We are trying to build a mass socialist party of the working class and also remain flexible in tactics yet unmovable in overall strategy. Sometimes being flexible to achieve our aims means working with others who might not fully share some of our opinions but we also believe those on the left and revolutionary left can – at certain periods – benefit from marching separately under our own banners yet striking together, as the saying goes. We orientate ourselves to those who are in struggle whether that is a leftwing reformist such as the two expelled Labour councillors in Southampton recently expelled for standing against the cuts, or with those left-leaning trade union leaders such as Bob Crow or Len McCluskey who DO have some bureaucratic tendencies and, in the latter case, hopes about ‘re-claiming’ Labour. But, in doing so, in working with such forces in the labour movement does not mean we compromise our programme or our aim. We may, however, be flexible with our tactics as with our fight in the Liverpool City Council struggle when, for the sake of solidarity with other councils in the rate battle, we agreed to set no rate though we disagreed at the time because a ‘no rate’ policy would mean we would run out of money and people would suffer. However, when most of those councils backed down, with the exception of Lambeth, we no longer felt bound to such a policy and returned to our nine per cent rate, still refusing to raise it to 15% as the Tories (and Labour by the way) demanded. So, to reiterate, flexible in tactics, firm in overall strategy. To obstinately stick to a tactic no matter what objective conditions develop would be silly and counter-productive. As now, I note, the article you recommended, is way out of date as, indeed, workers are increasingly looking for a new political alternative, some may have found it in (help us) UKIP or the (help us even more) BNP, that is why it is all the more urgent to promote such movements as NSSN and TUSC, which are, in fact, making slow but, yes, some progress. Things being as they are in these uncertain, tumultuous days, those objective conditions, odf course, can changed very rapidly…remember the east European revolutions or, more recently, the ‘Arab Spring’ revolutions. The only thing lacking in these revolutions, I think you’ll agree, ere the presence of a revolutionary working class socialist party.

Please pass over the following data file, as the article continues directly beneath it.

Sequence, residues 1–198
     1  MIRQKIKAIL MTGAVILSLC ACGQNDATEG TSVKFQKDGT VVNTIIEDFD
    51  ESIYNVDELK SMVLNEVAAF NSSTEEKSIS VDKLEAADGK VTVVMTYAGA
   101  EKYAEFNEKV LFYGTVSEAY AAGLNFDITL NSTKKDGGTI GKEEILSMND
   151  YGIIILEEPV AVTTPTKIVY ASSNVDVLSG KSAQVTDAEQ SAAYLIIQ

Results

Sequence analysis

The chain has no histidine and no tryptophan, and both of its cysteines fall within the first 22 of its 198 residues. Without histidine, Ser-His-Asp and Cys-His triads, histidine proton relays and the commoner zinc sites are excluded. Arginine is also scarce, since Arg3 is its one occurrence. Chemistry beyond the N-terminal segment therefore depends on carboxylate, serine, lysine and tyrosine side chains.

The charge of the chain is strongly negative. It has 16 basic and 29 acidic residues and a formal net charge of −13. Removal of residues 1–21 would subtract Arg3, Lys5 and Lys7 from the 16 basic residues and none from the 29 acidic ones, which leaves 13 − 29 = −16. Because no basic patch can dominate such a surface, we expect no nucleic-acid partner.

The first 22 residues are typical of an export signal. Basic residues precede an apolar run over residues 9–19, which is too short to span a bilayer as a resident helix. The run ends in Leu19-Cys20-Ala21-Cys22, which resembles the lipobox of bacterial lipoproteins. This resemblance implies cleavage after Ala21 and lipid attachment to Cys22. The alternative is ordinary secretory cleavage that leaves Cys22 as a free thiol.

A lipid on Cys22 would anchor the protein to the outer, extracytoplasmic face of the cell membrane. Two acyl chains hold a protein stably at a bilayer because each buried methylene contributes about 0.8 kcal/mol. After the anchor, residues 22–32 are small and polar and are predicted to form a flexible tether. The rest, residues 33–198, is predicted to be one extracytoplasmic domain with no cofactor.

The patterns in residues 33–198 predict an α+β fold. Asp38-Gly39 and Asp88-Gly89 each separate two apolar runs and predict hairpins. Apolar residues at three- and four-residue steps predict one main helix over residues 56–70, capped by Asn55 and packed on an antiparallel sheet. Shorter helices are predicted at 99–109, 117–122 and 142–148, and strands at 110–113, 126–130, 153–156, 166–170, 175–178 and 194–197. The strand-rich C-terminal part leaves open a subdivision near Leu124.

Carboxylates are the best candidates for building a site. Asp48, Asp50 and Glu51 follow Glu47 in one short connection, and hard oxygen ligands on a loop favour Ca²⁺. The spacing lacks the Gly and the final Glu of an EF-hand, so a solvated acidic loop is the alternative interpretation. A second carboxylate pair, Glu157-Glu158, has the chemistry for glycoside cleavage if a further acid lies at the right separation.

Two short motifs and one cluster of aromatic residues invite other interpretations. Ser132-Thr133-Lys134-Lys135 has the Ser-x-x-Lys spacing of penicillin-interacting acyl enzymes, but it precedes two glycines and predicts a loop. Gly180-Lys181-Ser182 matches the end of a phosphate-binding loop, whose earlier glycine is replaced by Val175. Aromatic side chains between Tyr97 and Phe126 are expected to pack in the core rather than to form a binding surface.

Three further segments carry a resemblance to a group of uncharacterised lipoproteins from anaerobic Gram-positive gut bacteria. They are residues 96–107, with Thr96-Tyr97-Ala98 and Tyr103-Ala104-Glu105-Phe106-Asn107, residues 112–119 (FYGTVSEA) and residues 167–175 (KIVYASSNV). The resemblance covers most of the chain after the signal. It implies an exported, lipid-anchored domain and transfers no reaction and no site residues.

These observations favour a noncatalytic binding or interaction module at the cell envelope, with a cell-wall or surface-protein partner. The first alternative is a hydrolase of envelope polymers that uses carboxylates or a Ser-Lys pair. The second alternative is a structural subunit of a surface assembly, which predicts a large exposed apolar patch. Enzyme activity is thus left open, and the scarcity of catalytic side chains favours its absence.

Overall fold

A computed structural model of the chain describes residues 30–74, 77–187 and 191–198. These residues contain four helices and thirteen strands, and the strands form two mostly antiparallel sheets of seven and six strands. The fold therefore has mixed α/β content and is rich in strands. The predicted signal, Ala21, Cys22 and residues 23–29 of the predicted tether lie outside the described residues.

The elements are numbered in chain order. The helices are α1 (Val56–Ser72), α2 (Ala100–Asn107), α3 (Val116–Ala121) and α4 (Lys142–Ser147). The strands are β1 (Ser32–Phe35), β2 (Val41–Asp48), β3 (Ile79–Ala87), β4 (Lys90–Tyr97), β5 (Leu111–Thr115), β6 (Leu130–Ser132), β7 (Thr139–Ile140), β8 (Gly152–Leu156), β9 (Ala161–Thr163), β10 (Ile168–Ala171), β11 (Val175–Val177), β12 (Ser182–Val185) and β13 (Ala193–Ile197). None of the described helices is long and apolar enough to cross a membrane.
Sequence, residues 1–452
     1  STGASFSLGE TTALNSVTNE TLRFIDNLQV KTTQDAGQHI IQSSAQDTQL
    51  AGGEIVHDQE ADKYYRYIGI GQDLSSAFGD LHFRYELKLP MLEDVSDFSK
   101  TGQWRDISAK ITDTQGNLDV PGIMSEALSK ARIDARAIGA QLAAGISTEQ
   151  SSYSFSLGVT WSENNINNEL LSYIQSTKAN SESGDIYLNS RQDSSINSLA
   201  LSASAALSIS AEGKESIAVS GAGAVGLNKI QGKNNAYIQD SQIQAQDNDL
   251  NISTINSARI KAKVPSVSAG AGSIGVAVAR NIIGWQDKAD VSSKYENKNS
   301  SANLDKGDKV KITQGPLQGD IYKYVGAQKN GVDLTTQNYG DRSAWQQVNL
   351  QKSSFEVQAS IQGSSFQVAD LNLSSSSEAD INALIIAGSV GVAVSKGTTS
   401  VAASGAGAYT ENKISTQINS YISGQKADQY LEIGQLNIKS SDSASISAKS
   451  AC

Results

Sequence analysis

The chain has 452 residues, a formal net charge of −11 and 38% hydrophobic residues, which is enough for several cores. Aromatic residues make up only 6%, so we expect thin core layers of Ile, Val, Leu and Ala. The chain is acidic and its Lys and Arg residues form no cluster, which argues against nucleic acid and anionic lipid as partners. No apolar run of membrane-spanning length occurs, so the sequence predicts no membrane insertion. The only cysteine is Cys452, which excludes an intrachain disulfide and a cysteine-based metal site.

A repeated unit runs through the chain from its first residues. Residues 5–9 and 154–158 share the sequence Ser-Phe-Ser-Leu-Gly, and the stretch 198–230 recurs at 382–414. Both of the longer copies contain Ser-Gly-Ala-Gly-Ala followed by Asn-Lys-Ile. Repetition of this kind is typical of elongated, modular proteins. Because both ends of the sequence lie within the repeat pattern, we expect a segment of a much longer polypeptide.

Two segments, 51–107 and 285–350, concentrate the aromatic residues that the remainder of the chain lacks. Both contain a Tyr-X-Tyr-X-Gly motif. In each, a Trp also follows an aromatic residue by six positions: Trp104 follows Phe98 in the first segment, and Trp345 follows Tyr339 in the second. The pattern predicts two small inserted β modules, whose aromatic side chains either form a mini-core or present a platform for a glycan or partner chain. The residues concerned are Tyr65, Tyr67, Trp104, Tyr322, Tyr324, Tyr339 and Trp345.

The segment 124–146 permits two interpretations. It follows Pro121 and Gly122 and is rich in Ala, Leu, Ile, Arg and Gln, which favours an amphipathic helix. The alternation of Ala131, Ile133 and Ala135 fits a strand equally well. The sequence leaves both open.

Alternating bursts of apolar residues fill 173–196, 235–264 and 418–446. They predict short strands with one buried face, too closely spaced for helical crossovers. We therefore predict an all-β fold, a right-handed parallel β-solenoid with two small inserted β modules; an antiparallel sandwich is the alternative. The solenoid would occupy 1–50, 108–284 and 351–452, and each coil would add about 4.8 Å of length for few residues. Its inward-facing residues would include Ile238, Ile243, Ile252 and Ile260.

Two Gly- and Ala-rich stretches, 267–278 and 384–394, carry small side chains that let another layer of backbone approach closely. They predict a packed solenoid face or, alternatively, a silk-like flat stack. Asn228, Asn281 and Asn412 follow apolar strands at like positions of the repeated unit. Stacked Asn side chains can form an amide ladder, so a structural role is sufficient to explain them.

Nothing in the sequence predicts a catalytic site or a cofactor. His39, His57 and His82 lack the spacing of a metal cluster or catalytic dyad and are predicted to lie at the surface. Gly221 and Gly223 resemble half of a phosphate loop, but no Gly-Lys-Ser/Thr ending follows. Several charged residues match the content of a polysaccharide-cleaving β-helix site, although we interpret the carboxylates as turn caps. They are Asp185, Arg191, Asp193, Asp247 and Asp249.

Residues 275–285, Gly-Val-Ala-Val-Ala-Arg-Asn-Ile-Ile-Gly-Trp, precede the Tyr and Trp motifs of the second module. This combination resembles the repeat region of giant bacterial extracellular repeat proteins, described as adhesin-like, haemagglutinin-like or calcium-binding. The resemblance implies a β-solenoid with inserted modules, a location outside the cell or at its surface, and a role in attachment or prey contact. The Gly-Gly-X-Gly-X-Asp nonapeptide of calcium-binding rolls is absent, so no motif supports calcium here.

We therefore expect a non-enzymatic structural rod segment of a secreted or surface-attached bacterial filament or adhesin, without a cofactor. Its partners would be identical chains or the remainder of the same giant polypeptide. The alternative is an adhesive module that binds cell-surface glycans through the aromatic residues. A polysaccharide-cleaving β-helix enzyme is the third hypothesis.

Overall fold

• sylvia

    I was about in the militants 1980s. We where the true socialists. Kinnock was a bully.
    Who stands by the workers for a fair wage.
    I remember Lesley Mahmood she was and is a true socialist.